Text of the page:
Intrum Justitia AB plans to step up the pace of acquisitions as it aims to increase its presence in credit management services in coming years, according to acting Chief Executive Officer Erik Forsberg.
Europe’s largest debt collector now wants to do “at least two, or more, acquisitions, on average over a few years,” Forsberg said in his first full interview since taking the helm from Lars Wollung on Nov. 2. In May, Wollung had set the takeover target at two smaller companies a year, on average, over five years.
“The ambition is clear: we should in comparison to the last few years improve our acquisition pace for small and mid-sized CMS companies,” Forsberg said at Intrum’s headquarters in Stockholm. “Preferably we’d like to do many smaller acquisitions, simply because that reduces risks.”
The company’s own analysis shows that about one-third of European businesses saw their survival at risk as recently as 2013 because of problems with debt collection. That year, companies in the region wrote down about 350 billion euros ($382 billion) in unpaid invoices. Against that backdrop, demand for debt collection services is growing.
Intrum’s board discharged Wollung last month amid “differing views on the future course for the company.” Its recruitment process is “focused on the earliest possible appointment of a permanent CEO.” Under Wollung, Intrum’s share price more than quadrupled. Forsberg said the change in management won’t alter the company’s direction.
After trading down earlier in the day, Intrum Justitia shares jumped as much as 0.7 percent in Stockholm after Forsberg’s comments. The shares were little changed at 280.8 kronor as of 10:26 a.m. local time.
Intrum will grow by continuing to purchase debt and expanding its CMS business, both organically and through acquisitions, Forsberg said. It has some 3 billion kronor ($353 million) in credit facilities it can use for deals. The company can also raise additional funds in the bond market, he said. Intrum is interested in buying companies with annual revenue as high as 250 million kronor, or an equivalent enterprise value, Forsberg said. It would consider deals in all its 20 markets, he said.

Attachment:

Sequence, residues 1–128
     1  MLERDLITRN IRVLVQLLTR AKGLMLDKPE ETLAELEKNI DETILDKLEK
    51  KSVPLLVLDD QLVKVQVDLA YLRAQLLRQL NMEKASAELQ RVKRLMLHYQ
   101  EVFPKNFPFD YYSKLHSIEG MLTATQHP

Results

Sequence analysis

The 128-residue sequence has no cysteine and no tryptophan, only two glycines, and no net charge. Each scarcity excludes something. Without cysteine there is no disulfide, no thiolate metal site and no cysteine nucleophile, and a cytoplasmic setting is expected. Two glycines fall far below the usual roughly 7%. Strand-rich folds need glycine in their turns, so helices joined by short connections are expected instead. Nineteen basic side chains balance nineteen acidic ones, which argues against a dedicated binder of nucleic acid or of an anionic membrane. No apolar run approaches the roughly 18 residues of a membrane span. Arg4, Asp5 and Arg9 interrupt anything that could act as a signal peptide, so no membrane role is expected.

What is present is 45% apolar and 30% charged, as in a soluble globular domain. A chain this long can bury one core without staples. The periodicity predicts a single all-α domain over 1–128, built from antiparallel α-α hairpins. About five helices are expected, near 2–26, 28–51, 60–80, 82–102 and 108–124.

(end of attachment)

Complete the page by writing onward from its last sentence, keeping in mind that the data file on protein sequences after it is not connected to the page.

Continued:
Since 2013, Intrum has targeted annual growth in earnings per share of more than 10 percent, which Forsberg said is “certainly still a valid goal that we aim to achieve in 2016 and 2017, etc.” That’s despite a slowdown in the third quarter, when EPS grew by only 10 percent, compared with 36 percent in the second quarter and 39 percent in the first.
While some corners of the purchased debt market have become more competitive, making the environment “a bit more challenging,” Intrum is still “comfortable with reaching our financial targets -- we are very committed to reaching the 10 percent EPS growth,” Forsberg said.
The company’s other key target -- consolidated net debt relative to earnings before depreciation, amortization and impairments of somewhere between 2 and 3 -- also remains in place, Forsberg said. While it reached 2.0 in the second quarter, it fell to 1.8 in the third quarter.
“We are very close, and then if we end up at 2.1 or 1.9 going forward is not extremely important -- we want to be at least around the 2.0 mark,” Forsberg said. “Then as we see good investment opportunities in the years to come, I think for us it is not a necessity to go a lot above 2.0, but we can be in the lower range to allow us to have good financial flexibility to go up when we see investment opportunities.”